Saffron Crocus – Growing Guide

Saffron Crocus

Botanical name

Crocus sativus

Family

Iridaceae

Description

Crocus sativus is more commonly known as the saffron crocus, or autumn crocus and is best known for producing the spice, saffron. Saffron is simply the three pronged stigma of the saffron crocus flower, and given that a single bulb can produce four flowers, theoretically one bulb can produce 12 strands of saffron. Harvested by hand and dried, it is much prized in the culinary world for both its flavour as a seasoning, and for the beautiful golden colour that it imparts. Saffron is an essential ingredient in Spanish paellas and Italian risottos, and is a common ingredient in Indian, Mediterranean and Italian cuisines where it is used to flavour and colour curries, sauces, marinades, desserts and sweets. Commonly infused in liquid, it can also be ground into a powder and stirred in.

The most expensive spice in the world gram for gram, saffron is said to be more expensive than gold.   This is understandable given that the fragile stigmas are hand picked, and to get just 500 grams of the spice, 80,000 crocus flowers are required. Saffron can retail from $10/gram, with local or high-quality imported saffron costing up to $100/gram. So if you have the right climate, it makes good sense to try and grow your own at home.

Growing

Saffron is grown from bulbs in well-drained soil with the violet coloured crocus flower appearing in Autumn.

Climate:  Saffron crocus prefers a cool climate with moist but well-drained soils

Difficulty:  Moderate

Dormancy: Spring to summer – After flowering the plant will continue to grow, resembling a small mondograss. Allow the green leaves to die off naturally, as a daffodil would, as during this time the corm is storing goodness and multiplying underground. You should avoid digging around dormant corms

Feeding:  Lightly fertilize twice a year, but do not overdo it.

Flowers:  Shoots will appear in autumn from mid-March to end April (in Australia). Pretty flowers of lilac or purple, often with light stripes, can appear at anytime once shoots emerge.   Flowering generally occurs over a three week period.

Harvesting:  Pick the flowers early in the morning, before the sun deteriorates them. Remove the three red stigmas from the flower and place on paper towel to dry out. This make take a few days. The dried stigmas are deep red to orange-red, wiry and very brittle.

Position:  Corms should have full sun, all day, preferably north-facing and slightly sloping. Flower production is best with full sun.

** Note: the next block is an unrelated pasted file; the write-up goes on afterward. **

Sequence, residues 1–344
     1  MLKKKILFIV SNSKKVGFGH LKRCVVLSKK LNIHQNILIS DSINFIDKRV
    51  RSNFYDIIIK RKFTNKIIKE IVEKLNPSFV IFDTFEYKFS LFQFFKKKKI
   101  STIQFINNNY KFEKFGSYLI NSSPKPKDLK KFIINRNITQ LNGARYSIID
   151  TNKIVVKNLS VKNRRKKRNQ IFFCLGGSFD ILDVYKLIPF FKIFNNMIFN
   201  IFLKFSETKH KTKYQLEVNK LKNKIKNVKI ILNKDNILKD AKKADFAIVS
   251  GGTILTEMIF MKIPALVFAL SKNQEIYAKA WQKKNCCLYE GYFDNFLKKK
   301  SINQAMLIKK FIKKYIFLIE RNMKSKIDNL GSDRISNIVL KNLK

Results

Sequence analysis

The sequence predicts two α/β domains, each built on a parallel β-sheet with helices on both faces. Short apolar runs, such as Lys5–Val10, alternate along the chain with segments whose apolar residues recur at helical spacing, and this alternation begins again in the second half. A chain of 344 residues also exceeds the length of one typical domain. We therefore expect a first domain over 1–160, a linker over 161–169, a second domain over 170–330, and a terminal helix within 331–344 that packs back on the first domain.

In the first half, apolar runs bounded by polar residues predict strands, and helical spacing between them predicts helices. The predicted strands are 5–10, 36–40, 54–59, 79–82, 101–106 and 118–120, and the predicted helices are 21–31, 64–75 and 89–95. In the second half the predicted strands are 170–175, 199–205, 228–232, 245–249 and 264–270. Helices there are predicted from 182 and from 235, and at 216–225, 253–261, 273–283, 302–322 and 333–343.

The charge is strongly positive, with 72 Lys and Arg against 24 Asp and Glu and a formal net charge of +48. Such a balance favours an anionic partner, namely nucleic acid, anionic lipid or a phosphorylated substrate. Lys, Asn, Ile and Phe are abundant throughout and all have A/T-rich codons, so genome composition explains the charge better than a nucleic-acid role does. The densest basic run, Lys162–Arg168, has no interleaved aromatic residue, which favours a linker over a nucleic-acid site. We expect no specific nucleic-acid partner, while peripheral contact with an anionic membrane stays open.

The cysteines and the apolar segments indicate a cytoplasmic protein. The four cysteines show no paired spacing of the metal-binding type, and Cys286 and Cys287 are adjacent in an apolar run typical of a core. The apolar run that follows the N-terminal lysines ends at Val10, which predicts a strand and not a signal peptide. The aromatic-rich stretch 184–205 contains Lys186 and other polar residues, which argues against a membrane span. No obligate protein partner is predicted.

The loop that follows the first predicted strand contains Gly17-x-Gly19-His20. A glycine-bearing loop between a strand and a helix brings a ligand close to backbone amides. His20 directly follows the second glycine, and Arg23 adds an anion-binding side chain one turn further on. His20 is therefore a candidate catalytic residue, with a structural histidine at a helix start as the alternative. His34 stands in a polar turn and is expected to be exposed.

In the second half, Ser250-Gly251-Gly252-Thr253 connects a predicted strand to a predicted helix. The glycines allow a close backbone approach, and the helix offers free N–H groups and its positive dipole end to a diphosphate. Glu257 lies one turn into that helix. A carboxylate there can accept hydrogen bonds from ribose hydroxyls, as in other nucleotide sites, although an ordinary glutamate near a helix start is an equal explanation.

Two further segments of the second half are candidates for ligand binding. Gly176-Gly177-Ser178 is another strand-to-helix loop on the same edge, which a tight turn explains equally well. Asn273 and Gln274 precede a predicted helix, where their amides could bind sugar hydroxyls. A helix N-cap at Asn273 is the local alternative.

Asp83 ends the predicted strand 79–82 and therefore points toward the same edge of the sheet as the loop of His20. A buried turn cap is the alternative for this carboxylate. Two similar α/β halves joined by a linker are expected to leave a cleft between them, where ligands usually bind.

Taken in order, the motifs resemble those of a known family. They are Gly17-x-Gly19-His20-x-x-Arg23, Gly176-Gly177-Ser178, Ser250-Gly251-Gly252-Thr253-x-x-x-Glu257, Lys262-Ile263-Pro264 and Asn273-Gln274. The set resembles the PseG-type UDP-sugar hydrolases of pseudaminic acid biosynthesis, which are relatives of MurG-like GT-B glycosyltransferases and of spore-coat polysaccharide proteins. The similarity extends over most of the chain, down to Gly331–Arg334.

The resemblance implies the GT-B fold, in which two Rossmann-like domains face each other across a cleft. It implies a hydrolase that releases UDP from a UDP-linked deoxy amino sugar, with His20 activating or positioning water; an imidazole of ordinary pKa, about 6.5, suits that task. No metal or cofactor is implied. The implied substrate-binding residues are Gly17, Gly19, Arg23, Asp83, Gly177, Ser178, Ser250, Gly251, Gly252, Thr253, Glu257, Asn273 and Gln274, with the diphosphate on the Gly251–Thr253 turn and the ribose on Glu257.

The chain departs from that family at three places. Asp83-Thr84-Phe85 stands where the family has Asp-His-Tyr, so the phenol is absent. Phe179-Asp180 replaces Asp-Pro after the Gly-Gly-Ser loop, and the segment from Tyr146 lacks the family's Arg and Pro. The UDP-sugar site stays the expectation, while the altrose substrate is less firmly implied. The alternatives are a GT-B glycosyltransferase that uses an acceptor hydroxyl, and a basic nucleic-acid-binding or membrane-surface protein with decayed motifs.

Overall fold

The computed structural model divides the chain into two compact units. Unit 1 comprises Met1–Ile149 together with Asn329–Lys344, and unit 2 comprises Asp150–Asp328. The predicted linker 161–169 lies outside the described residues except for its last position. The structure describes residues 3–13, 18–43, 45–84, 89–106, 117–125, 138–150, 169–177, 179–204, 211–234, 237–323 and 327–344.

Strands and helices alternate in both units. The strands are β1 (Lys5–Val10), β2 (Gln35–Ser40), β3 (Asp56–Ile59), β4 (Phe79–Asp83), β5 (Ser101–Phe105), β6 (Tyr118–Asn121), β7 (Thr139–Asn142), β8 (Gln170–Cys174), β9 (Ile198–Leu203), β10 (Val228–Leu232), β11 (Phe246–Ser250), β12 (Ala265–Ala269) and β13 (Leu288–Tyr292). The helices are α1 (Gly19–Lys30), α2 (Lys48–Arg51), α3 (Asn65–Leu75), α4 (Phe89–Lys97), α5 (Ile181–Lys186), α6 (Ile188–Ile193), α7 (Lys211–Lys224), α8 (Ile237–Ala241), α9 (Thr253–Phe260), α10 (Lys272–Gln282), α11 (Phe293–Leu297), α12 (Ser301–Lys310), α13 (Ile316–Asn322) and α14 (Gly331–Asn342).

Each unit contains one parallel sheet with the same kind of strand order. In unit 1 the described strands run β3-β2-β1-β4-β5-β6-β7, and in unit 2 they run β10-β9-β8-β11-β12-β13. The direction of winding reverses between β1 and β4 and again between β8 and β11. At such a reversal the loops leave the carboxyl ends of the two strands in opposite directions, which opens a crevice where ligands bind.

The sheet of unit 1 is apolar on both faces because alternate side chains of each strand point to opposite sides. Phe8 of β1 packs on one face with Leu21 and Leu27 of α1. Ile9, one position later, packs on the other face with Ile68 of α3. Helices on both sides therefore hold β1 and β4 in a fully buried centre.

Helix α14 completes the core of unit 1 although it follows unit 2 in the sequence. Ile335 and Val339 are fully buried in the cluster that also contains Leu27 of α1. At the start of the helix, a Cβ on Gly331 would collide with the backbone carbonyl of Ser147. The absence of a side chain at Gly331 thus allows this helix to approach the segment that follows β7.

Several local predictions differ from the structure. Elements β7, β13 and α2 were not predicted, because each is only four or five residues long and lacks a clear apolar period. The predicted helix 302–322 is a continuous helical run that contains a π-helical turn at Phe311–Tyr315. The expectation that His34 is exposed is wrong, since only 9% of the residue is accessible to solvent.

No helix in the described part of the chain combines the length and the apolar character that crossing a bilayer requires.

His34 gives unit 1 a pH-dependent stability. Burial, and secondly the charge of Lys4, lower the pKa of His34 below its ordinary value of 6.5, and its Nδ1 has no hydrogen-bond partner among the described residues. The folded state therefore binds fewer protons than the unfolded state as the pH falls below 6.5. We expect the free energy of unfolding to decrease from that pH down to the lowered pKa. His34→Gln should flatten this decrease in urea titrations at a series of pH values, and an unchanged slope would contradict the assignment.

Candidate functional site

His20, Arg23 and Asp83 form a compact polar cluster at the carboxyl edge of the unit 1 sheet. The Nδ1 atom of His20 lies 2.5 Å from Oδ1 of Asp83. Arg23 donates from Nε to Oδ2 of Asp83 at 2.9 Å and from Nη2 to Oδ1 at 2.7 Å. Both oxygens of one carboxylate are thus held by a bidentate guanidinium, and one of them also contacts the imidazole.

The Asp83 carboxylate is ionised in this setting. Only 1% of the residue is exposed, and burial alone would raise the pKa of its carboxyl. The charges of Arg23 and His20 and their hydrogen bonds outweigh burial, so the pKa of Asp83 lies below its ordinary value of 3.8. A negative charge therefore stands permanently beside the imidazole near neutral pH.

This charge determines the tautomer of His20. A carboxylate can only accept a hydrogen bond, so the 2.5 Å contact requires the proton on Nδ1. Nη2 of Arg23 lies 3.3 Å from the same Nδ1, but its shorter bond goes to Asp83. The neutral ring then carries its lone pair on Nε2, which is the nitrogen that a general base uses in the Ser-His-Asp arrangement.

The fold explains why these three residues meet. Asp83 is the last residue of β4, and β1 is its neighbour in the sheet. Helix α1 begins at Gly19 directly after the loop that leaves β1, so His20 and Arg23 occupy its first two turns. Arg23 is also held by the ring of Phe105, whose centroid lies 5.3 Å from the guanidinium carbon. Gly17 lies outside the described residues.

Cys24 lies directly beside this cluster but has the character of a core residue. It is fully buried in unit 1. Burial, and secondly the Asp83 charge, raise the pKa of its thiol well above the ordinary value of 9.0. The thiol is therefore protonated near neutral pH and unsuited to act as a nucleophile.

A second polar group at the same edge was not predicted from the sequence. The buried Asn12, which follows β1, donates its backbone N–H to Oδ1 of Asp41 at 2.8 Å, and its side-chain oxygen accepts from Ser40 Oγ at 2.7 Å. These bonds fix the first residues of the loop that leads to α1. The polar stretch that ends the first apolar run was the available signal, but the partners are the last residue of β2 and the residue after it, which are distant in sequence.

Problems:  Humidity and poor drainage

Propagation:  Saffron can only be grown by dividing clumps of corms. They are best divided and replanted in late summer or autumn. For commercial production, clumps are lifted, divided and replanted each summer – but in home gardens it is enough to divide clumps every three years. To ensure strong growth, allow the thin, reedy foliage to die down naturally.

Saffron Corms for the Garden

Saffron Corms

Soil:  Well-drained soil

Sow and plant:  Plant the corms directly into raised beds or in a terracotta pot, tuft facing upwards. Plant new corms in summer or early autumn.

Spacing:  Plant corms 100mm deep and 100 mm apart.

Storage:  Store dried saffron stigmas in an airtight glass bottle in a cool dark place. If the air gets to it, it will diminish in strength.

Watering:  Do not water often, as corms prefer a dry soil and do not like ‘wet-feet’. Usually rain is enough, except in the extreme heat during summer.

 

Uses in the Kitchen

Saffron is characterised by its distinctive fragrance created by picrocrocin and safranal with the rich golden-yellow hue a result of the carotenoi and crocin content. These traits make saffron a much sought-after ingredient in many cuisines worldwide, but is best used sparingly as too much can give a medicinal flavour to a meal.

Differing from other spices, saffron should be activated before use by a method know as ‘steeping’ or ‘infusion’. This is done be adding the required amount of saffron strands to boiling liquid and allowing them to infuse for anything from 1 hour to 24 hours. The time required depends on the intensity of flavour, colour or aroma required. Usually 4-6 strands is all that is needed per half a cup of boiling liquid, but of course, this depends on the quality of the saffron you are using. Whatever liquid your recipe calls for, whether it is water, milk, juice white wine, stock, etc. you should infuse the saffron for more than an hour, preferably in a covered/sealed container.

Sauce is ready

Saffron infusing an orange sauce to accompany duck

How and when you add the infused liquid to your dish depends on the recipe. However as a rule of thumb:

  • For full strength flavour and aroma, add the saffron infusion towards the end of cooking, with low heat.
  • For full strength colour, add the saffron infusion at the beginning of cooking, with high heat.

Alternatively, you could add half of the liquid at the beginning of cooking and half at the end. Many chefs around the world use spirits such as Cointreau, vodka, gin etc…, adding it to sauces for increased flavour.

You can use saffron in rice dishes, mains, casseroles, sauces, desserts, sauces, baking and drinks. It pairs beautifully with saffron loves asparagus, rice, eggs, cheese, chicken, leeks, seafood, mushrooms and spinach and pairs with anise, cardamom, cinnamon, fennel, ginger, nutmeg, paprika and pepper.

 

Recipes:   

 

 

 

 

 

 

 

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1 Comment

  1. Pingback: Saffron in the kitchen… and now in the garden! | SBA's Kitchen

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